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Long Island Noir [Paperback]

Kaylie Jones

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Book Description

April 30 2012 Akashic Noir
“The Shiny Car in the Night” by Nick Mamatas has been selected for inclusion in The Best American Mystery Stories 2013, edited by Otto Penzler and Lisa Scottoline

"There is plenty of mayhem for fans of dark fiction in the pages of Long Island Noir: shootings, killings, all manner of brutality...Suburbia may be even meaner than the big city."
--The New York Times

"Akashic’s Long Island volume in its regional noir series offers an eclectic and effective mix of seasoned pros (Reed Farrel Coleman, Tim McLoughlin, Sarah Weinman) and new voices (Qanta Ahmed, JZ Holden, Amani Scipio). The 17 contributors portray a wonderful diversity of people driven to extremes . . ."
--Publishers Weekly

Original stories by: Jules Feiffer, Matthew McGevna, Nick Mamatas, Kaylie Jones, Qanta Ahmed, Charles Salzberg, Reed Farrel Coleman, Tim McLoughlin, Sarah Weinman, JZ Holden, Richie Narvaez, Sheila Kohler, Jane Ciabattari, Steven Wishnia, Kenneth Wishnia, Amani Scipio, and Tim Tomlinson.

Kaylie Jones moved to Sagaponack, New York, in 1975, where her family continued to live for more than thirty years. She is the author of five novels, including A Soldier's Daughter Never Cries and the memoir Lies My Mother Never Told Me. She teaches in the MFA program at Stony Brook Southampton and in the Wilkes University low-residency MFA program in professional writing.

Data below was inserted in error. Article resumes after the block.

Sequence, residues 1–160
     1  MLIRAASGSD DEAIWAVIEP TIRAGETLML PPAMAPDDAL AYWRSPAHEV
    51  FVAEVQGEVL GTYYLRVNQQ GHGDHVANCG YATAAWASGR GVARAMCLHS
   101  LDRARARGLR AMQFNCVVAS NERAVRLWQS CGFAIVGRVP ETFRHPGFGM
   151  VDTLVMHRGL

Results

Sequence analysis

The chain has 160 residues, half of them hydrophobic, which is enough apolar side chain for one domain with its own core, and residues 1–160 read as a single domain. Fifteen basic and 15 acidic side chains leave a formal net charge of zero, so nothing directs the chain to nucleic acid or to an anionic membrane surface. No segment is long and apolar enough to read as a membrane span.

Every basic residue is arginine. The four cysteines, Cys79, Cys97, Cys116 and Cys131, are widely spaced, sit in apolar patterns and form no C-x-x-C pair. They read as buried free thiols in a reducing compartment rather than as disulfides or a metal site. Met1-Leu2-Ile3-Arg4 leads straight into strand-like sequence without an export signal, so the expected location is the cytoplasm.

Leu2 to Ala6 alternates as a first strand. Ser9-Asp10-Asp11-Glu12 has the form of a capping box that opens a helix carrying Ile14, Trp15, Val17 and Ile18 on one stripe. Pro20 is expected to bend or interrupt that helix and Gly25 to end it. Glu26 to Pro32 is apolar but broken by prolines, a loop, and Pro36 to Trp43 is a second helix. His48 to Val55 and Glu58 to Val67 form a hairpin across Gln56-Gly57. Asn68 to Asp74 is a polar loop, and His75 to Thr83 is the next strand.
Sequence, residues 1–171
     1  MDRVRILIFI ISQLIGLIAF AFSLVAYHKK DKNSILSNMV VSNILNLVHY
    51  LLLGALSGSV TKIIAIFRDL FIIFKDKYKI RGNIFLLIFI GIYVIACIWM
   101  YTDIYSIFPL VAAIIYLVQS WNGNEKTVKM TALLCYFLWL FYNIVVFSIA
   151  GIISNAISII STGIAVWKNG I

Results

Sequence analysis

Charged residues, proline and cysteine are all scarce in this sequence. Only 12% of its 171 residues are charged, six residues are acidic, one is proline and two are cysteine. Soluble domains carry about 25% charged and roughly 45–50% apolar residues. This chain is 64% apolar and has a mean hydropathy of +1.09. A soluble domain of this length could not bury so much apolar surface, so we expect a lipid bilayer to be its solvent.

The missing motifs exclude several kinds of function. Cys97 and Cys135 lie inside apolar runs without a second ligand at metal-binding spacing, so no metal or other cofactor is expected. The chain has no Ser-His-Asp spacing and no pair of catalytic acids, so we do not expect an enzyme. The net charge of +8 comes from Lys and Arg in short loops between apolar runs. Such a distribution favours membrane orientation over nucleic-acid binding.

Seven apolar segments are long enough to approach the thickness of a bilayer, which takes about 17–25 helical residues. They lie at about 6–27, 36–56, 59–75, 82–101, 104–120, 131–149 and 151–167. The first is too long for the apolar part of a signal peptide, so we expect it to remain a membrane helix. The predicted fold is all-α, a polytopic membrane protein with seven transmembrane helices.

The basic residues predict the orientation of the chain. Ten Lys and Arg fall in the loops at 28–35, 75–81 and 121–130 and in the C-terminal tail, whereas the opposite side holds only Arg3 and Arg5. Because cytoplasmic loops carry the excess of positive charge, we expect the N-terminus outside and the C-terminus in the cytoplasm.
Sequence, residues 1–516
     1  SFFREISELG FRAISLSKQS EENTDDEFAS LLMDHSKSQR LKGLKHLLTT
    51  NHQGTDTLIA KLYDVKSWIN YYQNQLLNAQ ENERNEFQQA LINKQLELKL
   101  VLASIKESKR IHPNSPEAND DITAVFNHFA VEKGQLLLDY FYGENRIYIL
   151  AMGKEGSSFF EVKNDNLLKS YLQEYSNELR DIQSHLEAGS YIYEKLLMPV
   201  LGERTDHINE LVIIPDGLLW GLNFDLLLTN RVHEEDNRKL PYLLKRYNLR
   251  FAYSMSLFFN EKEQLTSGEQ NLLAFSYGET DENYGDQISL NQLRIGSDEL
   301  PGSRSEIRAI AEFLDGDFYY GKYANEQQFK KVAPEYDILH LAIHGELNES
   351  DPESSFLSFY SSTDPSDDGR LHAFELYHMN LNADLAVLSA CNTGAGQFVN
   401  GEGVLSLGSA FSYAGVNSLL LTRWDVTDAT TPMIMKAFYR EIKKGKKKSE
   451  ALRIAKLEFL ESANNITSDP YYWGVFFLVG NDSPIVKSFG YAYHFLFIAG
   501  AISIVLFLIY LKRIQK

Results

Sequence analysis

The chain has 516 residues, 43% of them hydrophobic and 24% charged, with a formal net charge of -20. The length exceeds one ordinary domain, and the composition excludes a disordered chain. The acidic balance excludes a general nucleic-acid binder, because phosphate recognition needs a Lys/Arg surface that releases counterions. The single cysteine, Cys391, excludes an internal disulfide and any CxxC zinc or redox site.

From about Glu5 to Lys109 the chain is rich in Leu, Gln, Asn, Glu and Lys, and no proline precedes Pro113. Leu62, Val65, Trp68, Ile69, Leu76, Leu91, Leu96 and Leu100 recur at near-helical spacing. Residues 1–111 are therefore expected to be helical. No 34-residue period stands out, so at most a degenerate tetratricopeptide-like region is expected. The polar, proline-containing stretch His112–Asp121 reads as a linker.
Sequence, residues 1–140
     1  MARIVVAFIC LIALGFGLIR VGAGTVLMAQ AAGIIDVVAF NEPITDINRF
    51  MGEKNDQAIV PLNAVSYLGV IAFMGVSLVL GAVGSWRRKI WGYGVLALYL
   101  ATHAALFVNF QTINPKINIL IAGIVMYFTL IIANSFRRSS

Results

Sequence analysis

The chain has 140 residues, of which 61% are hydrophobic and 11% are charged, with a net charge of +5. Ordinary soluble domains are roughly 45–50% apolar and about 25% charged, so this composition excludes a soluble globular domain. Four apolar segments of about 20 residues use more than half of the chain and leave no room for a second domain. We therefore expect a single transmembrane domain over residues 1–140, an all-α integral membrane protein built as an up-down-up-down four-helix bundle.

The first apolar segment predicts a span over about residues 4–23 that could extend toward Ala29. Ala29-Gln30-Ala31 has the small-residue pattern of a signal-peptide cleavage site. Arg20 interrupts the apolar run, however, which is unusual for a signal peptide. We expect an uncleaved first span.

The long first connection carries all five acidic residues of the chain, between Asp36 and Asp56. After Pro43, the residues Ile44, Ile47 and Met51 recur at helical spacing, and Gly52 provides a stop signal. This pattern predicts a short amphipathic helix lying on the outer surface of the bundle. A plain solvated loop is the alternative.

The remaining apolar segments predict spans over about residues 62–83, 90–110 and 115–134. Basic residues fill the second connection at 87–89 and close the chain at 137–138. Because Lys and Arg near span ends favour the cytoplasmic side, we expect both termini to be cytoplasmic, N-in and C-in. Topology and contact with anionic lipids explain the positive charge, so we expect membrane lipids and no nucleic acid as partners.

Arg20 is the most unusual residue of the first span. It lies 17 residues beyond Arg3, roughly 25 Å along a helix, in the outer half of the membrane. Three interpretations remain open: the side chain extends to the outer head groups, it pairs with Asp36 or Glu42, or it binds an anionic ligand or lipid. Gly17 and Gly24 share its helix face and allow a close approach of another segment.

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Product Details

  • Paperback: 288 pages
  • Publisher: Akashic Books (April 30 2012)
  • Language: English
  • ISBN-10: 161775062X
  • ISBN-13: 978-1617750625
  • Product Dimensions: 2.3 x 13 x 20.5 cm
  • Shipping Weight: 272 g
  • Amazon Bestsellers Rank: #1,222,585 in Books (See Top 100 in Books)

Product Description

About the Author

Kaylie Jones: Kaylie Jones moved to Sagaponack in 1975, where her family continued to live for more than thirty years. She is the author of five novels, including A Soldier’s Daughter Never Cries, and the memoir Lies My Mother Never Told Me. She teaches in the MFA program at Stony Brook Southampton, and in the Wilkes University low-residency MFA program in professional writing.

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Amazon.com: 4.4 out of 5 stars  10 reviews
5 of 6 people found the following review helpful
5.0 out of 5 stars Wonderful Collection May 29 2012
By JPenz - Published on Amazon.com
Format:Paperback|Verified Purchase
In the intro Kaylie Jones writes, "The American dream of suburban bliss has never died, only grown more desperate, more materialistic, and less romantic..." The idea of Noir colliding with the supercilious progression of suburbia piqued my interest and I was not disappointed. These emotionally lost souls lead us through the terror that rattles us all whether we have a lawn to cut or not.